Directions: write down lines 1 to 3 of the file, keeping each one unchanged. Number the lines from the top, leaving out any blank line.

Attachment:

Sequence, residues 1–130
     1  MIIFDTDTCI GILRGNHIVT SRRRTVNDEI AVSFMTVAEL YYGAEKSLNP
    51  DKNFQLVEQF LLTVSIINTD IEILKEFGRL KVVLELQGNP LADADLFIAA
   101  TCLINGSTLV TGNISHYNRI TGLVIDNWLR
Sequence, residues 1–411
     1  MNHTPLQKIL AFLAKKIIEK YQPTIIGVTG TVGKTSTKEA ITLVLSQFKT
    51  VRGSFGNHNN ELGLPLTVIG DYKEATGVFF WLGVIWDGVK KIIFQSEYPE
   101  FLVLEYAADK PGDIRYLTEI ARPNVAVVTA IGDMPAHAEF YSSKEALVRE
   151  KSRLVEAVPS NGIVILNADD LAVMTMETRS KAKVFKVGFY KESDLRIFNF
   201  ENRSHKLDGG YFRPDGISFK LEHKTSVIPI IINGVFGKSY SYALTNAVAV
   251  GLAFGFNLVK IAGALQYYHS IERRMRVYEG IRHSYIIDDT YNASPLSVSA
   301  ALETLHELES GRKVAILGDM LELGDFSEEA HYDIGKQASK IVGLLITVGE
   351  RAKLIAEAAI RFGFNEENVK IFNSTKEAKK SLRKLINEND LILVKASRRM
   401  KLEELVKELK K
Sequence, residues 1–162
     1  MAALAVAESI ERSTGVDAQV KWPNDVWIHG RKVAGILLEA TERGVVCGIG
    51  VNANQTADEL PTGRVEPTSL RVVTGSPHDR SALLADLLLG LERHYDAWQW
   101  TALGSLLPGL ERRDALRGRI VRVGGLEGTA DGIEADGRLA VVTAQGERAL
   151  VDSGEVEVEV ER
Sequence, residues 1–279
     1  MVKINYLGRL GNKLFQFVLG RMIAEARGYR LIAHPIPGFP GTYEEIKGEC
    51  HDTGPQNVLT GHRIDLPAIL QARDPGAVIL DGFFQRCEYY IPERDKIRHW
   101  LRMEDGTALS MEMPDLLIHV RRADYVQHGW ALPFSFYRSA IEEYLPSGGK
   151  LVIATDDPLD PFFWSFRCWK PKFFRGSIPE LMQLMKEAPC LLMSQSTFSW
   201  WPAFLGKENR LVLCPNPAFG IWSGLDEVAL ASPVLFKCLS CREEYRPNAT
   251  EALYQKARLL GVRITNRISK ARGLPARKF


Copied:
Sequence, residues 1–130
     1  MIIFDTDTCI GILRGNHIVT SRRRTVNDEI AVSFMTVAEL YYGAEKSLNP
    51  DKNFQLVEQF LLTVSIINTD IEILKEFGRL KVVLELQGNP LADADLFIAA